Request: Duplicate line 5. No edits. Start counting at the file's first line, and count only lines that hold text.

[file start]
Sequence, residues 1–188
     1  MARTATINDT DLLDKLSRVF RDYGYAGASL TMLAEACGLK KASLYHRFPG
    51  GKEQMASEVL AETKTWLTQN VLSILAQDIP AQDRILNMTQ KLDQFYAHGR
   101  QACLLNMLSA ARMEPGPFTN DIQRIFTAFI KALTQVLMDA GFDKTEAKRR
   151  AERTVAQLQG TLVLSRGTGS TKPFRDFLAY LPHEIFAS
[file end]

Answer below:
   151  AERTVAQLQG TLVLSRGTGS TKPFRDFLAY LPHEIFAS